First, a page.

24 Jun Convictions in the Anfal Trial
The verdict has been delivered in the Anfal trial — and not surprisingly, “Chemical Ali” and his highest-ranking co-defendants have been convicted and sentenced to death:
Ali Hassan al-Majid, Saddam’s cousin and the former head of the Baath Party’s Northern Bureau Command, earned his nickname for his alleged use of chemical weapons against the ethnic minority during efforts to crush a rebellion in the north.
The judge, Mohammed Oreibi al-Khalifa, said al-Majid was convicted of genocide, crimes against humanity and war crimes for ordering army and security services to use chemical weapons in a large-scale offensive that killed or maimed thousands.
Former defense minister Sultan Hashim Ahmad al-Tai also was sent to the gallows after the judge ruled that he had ordered a large-scale attack against civilians and used chemical weapons and deportation against the Kurds.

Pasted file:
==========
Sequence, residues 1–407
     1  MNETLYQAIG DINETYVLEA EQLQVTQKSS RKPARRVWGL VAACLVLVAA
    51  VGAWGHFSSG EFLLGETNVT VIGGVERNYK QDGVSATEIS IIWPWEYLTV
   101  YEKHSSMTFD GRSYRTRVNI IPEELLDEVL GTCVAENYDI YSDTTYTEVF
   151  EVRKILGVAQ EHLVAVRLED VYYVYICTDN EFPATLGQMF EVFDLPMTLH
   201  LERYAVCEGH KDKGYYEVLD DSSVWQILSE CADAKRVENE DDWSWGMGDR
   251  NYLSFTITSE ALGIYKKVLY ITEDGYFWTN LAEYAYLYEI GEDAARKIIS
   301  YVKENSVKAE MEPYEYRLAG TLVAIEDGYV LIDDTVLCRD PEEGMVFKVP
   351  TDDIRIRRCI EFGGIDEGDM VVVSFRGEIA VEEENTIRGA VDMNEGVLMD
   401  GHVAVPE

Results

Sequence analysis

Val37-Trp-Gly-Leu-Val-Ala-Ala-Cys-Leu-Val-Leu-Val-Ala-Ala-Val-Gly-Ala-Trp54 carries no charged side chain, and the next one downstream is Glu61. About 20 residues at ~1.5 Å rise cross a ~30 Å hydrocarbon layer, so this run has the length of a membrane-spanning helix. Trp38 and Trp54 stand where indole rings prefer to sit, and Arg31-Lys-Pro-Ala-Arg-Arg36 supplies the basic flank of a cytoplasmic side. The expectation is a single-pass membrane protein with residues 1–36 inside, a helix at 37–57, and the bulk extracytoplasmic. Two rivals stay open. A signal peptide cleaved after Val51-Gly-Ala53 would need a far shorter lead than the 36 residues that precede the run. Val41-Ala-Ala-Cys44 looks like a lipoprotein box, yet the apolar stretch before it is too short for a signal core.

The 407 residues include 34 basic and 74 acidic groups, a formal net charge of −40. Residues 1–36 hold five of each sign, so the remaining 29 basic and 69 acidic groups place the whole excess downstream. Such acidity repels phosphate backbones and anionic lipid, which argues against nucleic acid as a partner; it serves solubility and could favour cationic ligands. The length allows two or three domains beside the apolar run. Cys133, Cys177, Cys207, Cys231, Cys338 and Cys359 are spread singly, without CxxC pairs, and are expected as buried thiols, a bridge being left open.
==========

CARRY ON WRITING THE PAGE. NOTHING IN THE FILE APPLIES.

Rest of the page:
The former deputy director of operations for the Iraqi Armed Forces, Hussein Rashid Mohammed, also was sentenced to death after he was convicted of drawing up military plans and other allegations against the Kurds.
Two other defendants — both military intelligence officers under Saddam — were convicted and sentenced to life imprisonment, while charges were dismissed at the prosecution’s request against the former governor of Mosul.
Although the Anfal trial has received far less attention than the Dujail trial, it was no less unfair:
The Anfal trial was marred by procedural flaws including political interference such as removal of the presiding judge on September 19, 2006 by the Iraqi Prime Minister and Cabinet after the judge made remarks perceived as favorable to the defense. Human Rights Watch has also raised concerns about vague charges which made it difficult for the defendants to prepare their case and the inability of the defense to call witnesses who feared for their security. Proceedings in the Anfal trial closed on May 10, 2007 and a verdict will be issued soon. The prosecutor has called for the death penalty to be imposed on five of the six defendants.
“The court undercut the accused’s right to present a vigorous defense by allowing the prosecution to rely on vague charges and refusing requests to accommodate defense witnesses,” said Dicker. “This includes refusing to hear testimony from defense witnesses abroad via videolink.”
More on the Anfal judgment when it becomes available.